Dark, Mysterious, and Unconventional: Black Diamond Engagement Rings

Dark, Mysterious, and Unconventional: Black Diamond Engagement Rings - Jaume Labro Ethical and Custom Jewelry

Over the last decade, the fine jewelry market has seen a marked increase in demands for black diamonds. No, not the ski slope variety: black diamond gemstones!

What Is a Black Diamond?

Essentially, a black diamond is a white diamond which gets its color from its internal flaws, or inclusions. Just like a snowflake, no two gemstones share identical features, and black diamonds are a celebration of that uniqueness. Some scientists even believe that black diamonds come from meteorites!

Many people inaccurately believe that black diamonds are common, and while that may be true for lab-created stones, naturally untreated black diamonds are considerably rarer than white diamonds. They also offer striking and unusual options for fine diamond jewelry.

What Kinds of Black Diamonds Exist?

All natural diamonds are sourced from deep within the earth, but how they are then handled will determine their value. Black diamonds are formed by carbonados, or anomalous groups of carbon. Due to the graphite inclusions throughout these precious stones, it is much harder to cut them without cleaving or fracturing them. 

Though the more prized types are natural fancy black diamonds, most black diamonds on the current market are man-made.

Laboratory-Created Diamonds

Also known as laboratory-grown and synthetic diamonds, these gemstones are not mined from the earth. These types of diamonds are typically formed with HPHT (high pressure, high temperature). In no way do laboratory-created diamonds appear any less beautiful. In fact, their colors are usually more unvarying, offering a deeper, more solid black color. To determine whether it’s man-made or natural, it may take the investigation of a trained gemologist to tell the difference.

Naturally Treated Diamonds

Naturally-treated colored diamonds receive exposure to irradiation and heat in order to darken their color. Irradiation is simply a common practice in the gemstone industry when ionizing radiation alters the atomic structure of a gemstone’s crystal lattice. It is done to deepen color, reduce inclusions, and create colored stones that are either incredibly rare or non-existent in nature.

Is Diamond Irradiation Safe?

Radiation already naturally occurs at low doses, and millions of years of exposure can change the optical and structural makeup of a stone. With gemstone irradiation, the use of a nuclear reactor, accelerator, or cobalt-60 facility are used to treat stones, but don’t worry: irradiated stones carry less radiation than watching television or even having a porcelain crown in your mouth!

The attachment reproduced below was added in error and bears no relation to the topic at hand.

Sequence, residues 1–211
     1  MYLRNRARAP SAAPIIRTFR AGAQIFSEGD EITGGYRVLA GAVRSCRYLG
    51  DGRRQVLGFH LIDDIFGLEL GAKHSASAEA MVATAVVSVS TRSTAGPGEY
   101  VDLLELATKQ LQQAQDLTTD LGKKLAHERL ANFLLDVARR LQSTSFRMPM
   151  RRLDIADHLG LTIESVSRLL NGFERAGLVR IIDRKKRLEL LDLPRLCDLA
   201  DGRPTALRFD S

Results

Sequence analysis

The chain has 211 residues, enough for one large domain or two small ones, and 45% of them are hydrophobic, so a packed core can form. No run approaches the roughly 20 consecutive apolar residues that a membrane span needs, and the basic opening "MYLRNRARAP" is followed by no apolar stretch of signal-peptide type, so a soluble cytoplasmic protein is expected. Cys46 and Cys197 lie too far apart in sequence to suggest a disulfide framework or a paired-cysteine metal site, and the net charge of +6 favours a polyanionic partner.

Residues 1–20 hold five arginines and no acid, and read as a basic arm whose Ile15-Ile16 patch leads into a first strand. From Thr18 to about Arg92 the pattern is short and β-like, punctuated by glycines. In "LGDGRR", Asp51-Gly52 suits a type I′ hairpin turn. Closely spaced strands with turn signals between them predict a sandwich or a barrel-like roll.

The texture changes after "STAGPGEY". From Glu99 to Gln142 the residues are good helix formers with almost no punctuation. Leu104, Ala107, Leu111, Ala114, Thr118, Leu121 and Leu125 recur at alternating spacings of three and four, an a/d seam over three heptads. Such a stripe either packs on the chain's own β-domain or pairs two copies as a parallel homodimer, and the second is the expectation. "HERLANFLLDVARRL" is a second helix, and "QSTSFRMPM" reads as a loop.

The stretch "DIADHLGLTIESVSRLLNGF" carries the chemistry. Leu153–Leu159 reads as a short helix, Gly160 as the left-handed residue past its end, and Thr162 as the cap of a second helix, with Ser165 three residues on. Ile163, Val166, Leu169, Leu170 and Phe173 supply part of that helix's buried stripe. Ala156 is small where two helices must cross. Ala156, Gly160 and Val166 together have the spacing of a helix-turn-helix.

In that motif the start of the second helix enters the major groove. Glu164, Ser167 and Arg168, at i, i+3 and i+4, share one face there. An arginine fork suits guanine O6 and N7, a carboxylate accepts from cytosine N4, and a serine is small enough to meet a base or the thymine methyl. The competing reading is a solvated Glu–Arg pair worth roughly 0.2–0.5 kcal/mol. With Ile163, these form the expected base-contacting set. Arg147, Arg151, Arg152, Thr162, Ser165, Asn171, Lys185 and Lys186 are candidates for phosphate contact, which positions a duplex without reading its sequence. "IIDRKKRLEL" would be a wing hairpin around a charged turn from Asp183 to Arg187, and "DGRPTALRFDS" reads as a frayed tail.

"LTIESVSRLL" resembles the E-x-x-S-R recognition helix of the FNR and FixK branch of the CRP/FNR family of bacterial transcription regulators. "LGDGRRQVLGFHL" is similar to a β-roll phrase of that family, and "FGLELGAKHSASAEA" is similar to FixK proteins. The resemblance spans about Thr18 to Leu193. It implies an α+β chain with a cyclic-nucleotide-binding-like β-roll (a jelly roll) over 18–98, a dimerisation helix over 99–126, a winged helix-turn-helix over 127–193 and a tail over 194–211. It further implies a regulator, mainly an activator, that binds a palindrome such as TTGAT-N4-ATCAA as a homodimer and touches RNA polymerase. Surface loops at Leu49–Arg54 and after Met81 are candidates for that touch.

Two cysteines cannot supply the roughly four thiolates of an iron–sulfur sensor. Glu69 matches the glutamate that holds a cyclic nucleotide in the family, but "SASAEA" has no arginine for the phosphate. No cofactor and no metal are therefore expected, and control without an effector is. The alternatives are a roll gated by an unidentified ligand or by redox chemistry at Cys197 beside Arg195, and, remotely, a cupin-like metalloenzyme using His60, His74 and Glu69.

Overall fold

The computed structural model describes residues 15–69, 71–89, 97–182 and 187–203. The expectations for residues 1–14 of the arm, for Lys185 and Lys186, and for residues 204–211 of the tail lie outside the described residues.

Naturally Untreated Diamonds

Black diamonds that are mined and cut without irradiation or heat are considered naturally untreated. These stones are less opaque than their treated counterparts, and their lovely inclusions are more pronounced.

The Real Value of a Black Diamond

Are the 4C’s Important to Determine Value?

Though the gray or black hue often occludes light from passing through the stone (clarity) a well-cut black diamond should have the shine and sparkle of any other colored diamond. A 16-facet cut for black diamonds is ideal, with a small table and larger crown facets. It is important that the stone’s surface is smooth and the color is uniform.

What Is a Typical Black Diamond Price?

Heated black diamonds can be valued at around 20% the cost of a comparable white diamond. Natural, untreated black diamonds of wonderful quality are incredibly rare, and can command a much higher asking price: sometimes $3,000-5,000 per carat!


If you’re looking to sell or insure your black diamond, we’d highly recommend having it appraised by a respected gemological institute like GIA, AGS and IGI, or a gemologist with proper credentials. Graded reports which detail your gemstone’s attributes are often available and can determine whether your black diamond is natural, treated, or man-made. Laboratory-created black diamonds will not be graded by a reputable gemological institute.

How to Care for Your Black Diamond Jewelry

Even though diamonds are one of the hardest substances in the world, the naturally-occurring inclusions can cause your black diamonds to be a bit more fragile. Be gentle with your stone, and avoid wearing your black diamond pieces during manual tasks, as it can chip or even fracture! To clean, either visit a professional jeweler or use a gentle, soft toothbrush and gentle soapy water for a great polish!

Black Diamond Trends Today

Over the last few decades, black diamonds have become quite a collectible gemstone. One of the most famous examples is Sarah Jessica Parker’s character receiving a black diamond engagement ring from Mr. Big in Sex and the City. Since then, celebrities like Angelina Jolie, Jennifer Lawrence, and Cate Blanchett have all been spotted sporting these gorgeous diamonds.

Can I Create a Black Diamond Engagement or Wedding Ring?

Black Diamond Engagement and Wedding Rings - Jaume Labro Custom Jewelry

Before De Beers began their diamond campaign in the 1940s, it was common for brides to wear a variety of precious and semi-precious stones in their rings. The desire to choose a ring that fits your personality and desires certainly hasn’t changed, and it’s become en vogue to pursue more creative options to suit the unconventional bride.


With a black diamond, you can easily create a ring that is as unique as you. When black diamond jewelry is combined with Jaume Labro’s Mokume Gane technique, you’ll have a one-of-a-kind piece to treasure for a lifetime.

 

Contact us to create your Jaume Labro engagement ring today!